New York bars and disciplinary boards have strict rules regarding the use of attorneys’ trust and escrow accounts. Misuse of client funds is one of the top reasons for suspension and disbarment, and while most lawyers are very diligent about their escrow accounts, a surprising number of attorneys do not know how to properly use them. Here are a few basics about lawyers’ escrow. In addition to following the rules of the disciplinary board, lawyers should also be familiar with their own state bar’s rules regarding escrow accounts.

Ethics issues

The role of a lawyer as an escrow agent can present ethical issues. Regardless of whether the escrow agent is a client or a third party, the lawyer must disclose the effects of this dual role to all parties and provide full representation in the escrow transaction. The client’s consent must be informed and voluntary; even if the client gives informed consent, the lawyer could still have a financial interest in delaying the escrow’s termination.

The use of escrow accounts has ethical implications, as the lawyer may receive excessive fees from the escrow account. While escrow account expenses are nominal, the interest accrued on client funds can exceed the costs of administering the account. Accordingly, New York City 79-48 (1980), N.Y. City 181 (1931), and Nassau County 85-9 prohibit attorney-escrow agents from collecting any income on client funds.

IOLTAs as escrow accounts

Lawyers can establish IOLTAs as part of their responsibilities to indigent people. Lawyers can use the interest generated from these accounts for charitable purposes. In many cases, this interest is used to fund civil legal services for indigent people. However, not all IOLTAs are charitable. While some use them to support the charitable purposes of their clients, most lawyers use them for their profit.

When attorneys use IOLTAs as their lawyers’ escrow accounts, they must follow certain rules regarding their record keeping. One of these is keeping separate ledgers for their clients. Keeping separate ledgers for each client is also crucial. Otherwise, an attorney may be in hot water with regulators and could end up messing up their taxes. Therefore, attorneys must keep meticulous records of all transactions that go in and out of these trust accounts.

Pass-through share insurance for IOLTAs

Insurance for attorneys who handle clients’ funds may be a useful tool in their financial management strategy. Lawyers often hold client funds in separate individual accounts, or in “Client Trust Accounts,” with any interest earned being remitted to the client. However, lawyers who handle small sums of money must participate in the Interest on Lawyers’ Trust Accounts (IOLTA) program. These accounts must be maintained at financial institutions that have been approved by the attorney’s firm.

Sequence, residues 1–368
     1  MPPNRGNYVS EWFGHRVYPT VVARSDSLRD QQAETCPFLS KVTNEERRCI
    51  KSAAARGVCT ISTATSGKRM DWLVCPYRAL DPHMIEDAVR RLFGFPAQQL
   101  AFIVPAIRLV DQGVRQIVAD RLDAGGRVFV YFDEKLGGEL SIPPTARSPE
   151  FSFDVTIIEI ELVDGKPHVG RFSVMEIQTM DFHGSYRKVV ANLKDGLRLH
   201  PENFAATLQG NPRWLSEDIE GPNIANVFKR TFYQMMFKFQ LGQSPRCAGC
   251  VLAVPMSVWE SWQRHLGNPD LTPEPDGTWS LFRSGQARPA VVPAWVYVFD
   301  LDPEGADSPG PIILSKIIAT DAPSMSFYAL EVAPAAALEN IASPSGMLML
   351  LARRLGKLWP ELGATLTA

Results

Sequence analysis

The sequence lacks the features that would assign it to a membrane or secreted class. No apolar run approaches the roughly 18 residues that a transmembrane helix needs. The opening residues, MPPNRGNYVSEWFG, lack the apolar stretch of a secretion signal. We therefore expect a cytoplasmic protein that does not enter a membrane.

IOLTA, or Interest on Lawyer Trust Account, is an interest-bearing account designed for lawyers. Many lawyers handle client money, including settlement checks, court fees, and medical payments. In addition to putting client funds into an interest-bearing account, lawyers typically place significant amounts of client money into these accounts. Lawyers are responsible for adhering to state bar association rules governing the use of these funds and are required to maintain IOLTAs by July 1, 2022.

Disciplinary rules for lawyers’ escrow

Disciplinary rules for lawyers entrusting client funds are a hot topic these days. The long-winded rule governing attorney trust accounts (DR 9-102(G)) is woefully inadequate in its current form. However, this may soon change. In the meantime, attorneys should follow the rules to protect clients’ funds. To prevent such abuses, lawyers should keep records of all client funds, including those relating to the handling of escrow funds.

A violation of these rules does not create a cause of action against a lawyer, nor does it create a presumption of breach of legal duty. In addition, a violation of these rules does not necessarily justify a nondisciplinary remedy. The purpose of the Rules is to guide lawyers and provide the structure for regulating conduct through disciplinary agencies. However, the purpose of the rules is to prevent lawyers from engaging in unethical conduct. Disciplinary rules for lawyers’ escrow funds are not intended to be the basis for civil liability and can be used to subvert the purposes of these rules.

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